I’ve always been one to go with my gut and do what feels good when it feels right. I follow my nose, so to speak. This makes me a very creative, artistic type. But in the real world this looks a whole lot like I’m selfish doing what I want, when I want. Having a strong intuitive side (you know that inner, crazy voice I was telling you about?) has its positive and negative points. It is excellent to have a built in GPS system about where to go next. Not so great when someone needs you to turn in a direction that feels like going into a deep, black abyss.
Best to find a way to navigate the two simultaneously (the needs of others and the intuitive voice).
I have spent my life learning how to do things the way they are expected of me. I can do what I am told and I can give myself away to others easily, especially if I think it is the right thing to do. Yet, it is only recently that I’ve begun to explore following my nose wholeheartedly. Or following my heart whole-nosedly, which ever comes first.
The trouble with the voice of the gut is that, for me anyway, it is terrible at making plans. It couldn’t write a schedule if its life depended on it. It needs space, time, maybe money (all privileges, I agree) and a long, long leash. You have to kind of let it wander and sniff around until it finds a trail it wants to follow.
But along with this crazy, talking stomach, I am sort of a control freak. No, lets rephrase that. I am addicted to and depend entirely on control in every aspect of my life. I like to know what is going to happen next. I like predictability. I like figuring out how things work and find out what the rules are. This made me an excellent scientist and a diligent government worker.
In all of this wandering lately I am starting to desperately crave a schedule in my days. I have been able to commit to a regular exercise routine that has given me enormous amounts of energy, confidence and endurance in everything I do, in a very short amount of time (less than a month?). I believe the reason why I have stuck with my routine is that I built in a lot of flexibility and was willing to adapt as potential set backs showed their faces. I knew how many times in a week, I carved out a couple of sure-thing blocks in the day that I could make it happen with a little inner pushing and then…followed my nose.
Now I need this kind of structure in my work projects. I have been making lists of things I want to accomplish. Songs I wish to record in my home studio. Submissions to magazines. People I need to ask advice from. More research I want to do.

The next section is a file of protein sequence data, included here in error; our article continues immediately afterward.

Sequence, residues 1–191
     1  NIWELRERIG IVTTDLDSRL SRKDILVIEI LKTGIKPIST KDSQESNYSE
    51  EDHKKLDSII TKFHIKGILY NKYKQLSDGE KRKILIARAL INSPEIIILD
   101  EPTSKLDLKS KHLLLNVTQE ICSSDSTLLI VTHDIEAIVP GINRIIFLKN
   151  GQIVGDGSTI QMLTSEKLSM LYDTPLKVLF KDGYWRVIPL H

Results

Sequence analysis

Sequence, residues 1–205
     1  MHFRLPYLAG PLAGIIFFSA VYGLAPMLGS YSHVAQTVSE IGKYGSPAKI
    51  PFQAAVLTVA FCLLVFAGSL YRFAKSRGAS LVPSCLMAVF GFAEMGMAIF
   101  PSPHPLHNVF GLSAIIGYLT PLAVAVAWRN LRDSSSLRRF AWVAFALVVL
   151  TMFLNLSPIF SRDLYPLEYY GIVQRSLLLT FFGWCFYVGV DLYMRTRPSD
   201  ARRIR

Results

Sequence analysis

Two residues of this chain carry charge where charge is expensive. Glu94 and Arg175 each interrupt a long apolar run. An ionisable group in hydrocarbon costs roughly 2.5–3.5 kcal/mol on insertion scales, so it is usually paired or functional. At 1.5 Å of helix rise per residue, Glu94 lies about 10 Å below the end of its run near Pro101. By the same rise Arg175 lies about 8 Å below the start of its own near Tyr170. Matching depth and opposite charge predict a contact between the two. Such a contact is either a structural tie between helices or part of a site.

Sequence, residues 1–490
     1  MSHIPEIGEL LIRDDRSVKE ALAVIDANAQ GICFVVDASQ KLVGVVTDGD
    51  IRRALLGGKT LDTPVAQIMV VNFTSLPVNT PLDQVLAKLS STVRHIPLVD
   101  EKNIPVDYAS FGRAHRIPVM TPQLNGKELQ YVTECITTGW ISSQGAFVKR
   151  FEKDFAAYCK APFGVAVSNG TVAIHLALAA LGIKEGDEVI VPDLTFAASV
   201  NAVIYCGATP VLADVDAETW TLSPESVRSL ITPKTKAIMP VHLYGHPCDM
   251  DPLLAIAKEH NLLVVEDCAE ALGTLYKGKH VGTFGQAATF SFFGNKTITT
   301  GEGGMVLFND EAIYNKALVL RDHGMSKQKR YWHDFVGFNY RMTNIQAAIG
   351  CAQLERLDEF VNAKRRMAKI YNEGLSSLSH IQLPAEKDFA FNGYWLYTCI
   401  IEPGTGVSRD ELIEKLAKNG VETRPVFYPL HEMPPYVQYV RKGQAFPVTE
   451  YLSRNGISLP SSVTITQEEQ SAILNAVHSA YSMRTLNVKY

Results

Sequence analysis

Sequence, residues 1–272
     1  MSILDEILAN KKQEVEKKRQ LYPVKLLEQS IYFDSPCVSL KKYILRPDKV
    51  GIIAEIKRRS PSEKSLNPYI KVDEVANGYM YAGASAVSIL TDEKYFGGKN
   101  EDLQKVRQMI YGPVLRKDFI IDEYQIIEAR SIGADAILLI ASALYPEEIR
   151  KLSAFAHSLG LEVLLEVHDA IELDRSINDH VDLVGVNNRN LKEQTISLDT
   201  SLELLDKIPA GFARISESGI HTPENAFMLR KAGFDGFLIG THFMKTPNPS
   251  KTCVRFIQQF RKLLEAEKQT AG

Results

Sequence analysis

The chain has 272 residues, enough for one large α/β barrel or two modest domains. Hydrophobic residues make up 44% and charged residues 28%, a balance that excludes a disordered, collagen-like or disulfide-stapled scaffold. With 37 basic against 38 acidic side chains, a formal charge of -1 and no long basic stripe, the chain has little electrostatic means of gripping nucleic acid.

I need to put one foot in front of the other and make sure I see it all through, regularly, every week. I need a plan. I need to know there is a beginning, middle and end so that I have something to measure when all this sniffing is over. Without it, it is impossible to have a sense of accomplishment. And us control freaks need to know they’ve gotten something done in a day.
It was my husband who suggested I approach it just like my (recently successful) exercise regime. Map out a few potential blocks of time in a day that will work, establish the number of blocks I want to fill in week and then be flexible and adapt as needed. I have written every bit of physical activity I have accomplished in a notebook this past month. I believe it will work really well to do this for my ‘work’ related projects as well.
My brother once suggested that I write down all of the home renovations, farming activities and child-care related jobs I did in a week. Then he said to attach a dollar figure as a way of knowing that I was in fact still earning an ‘income’. There was the dry walling I did last fall in the living room that we had been quoted over a thousand dollar to get done. These things added up. And my little A-type needed to see them on paper. Otherwise I felt like a floating bubble with no purpose and direction. But the trouble is that I can attach no dollar figure to these new endeavours. Not yet anyway.
As animal-keepers, parents, daughters, friends, sisters, women, humans, we all have to set up our lives so that we can respond to the needs of those around us, often quickly. The world never stops needing us. But we can build in little islands of refuge along the way where we can catch our breath, map out a plan, give ourselves some structure to a life of offering to the world. It seems, for me anyway, this structure needs a plan.
So it is time to put a framework around my intuitive wanderings. Not necessarily boundaries, but a bit of a leash, some control, some structure, a schedule and a reporting system.
Government scientist geek? Meet creative, artist person. We’ve got plans to make together.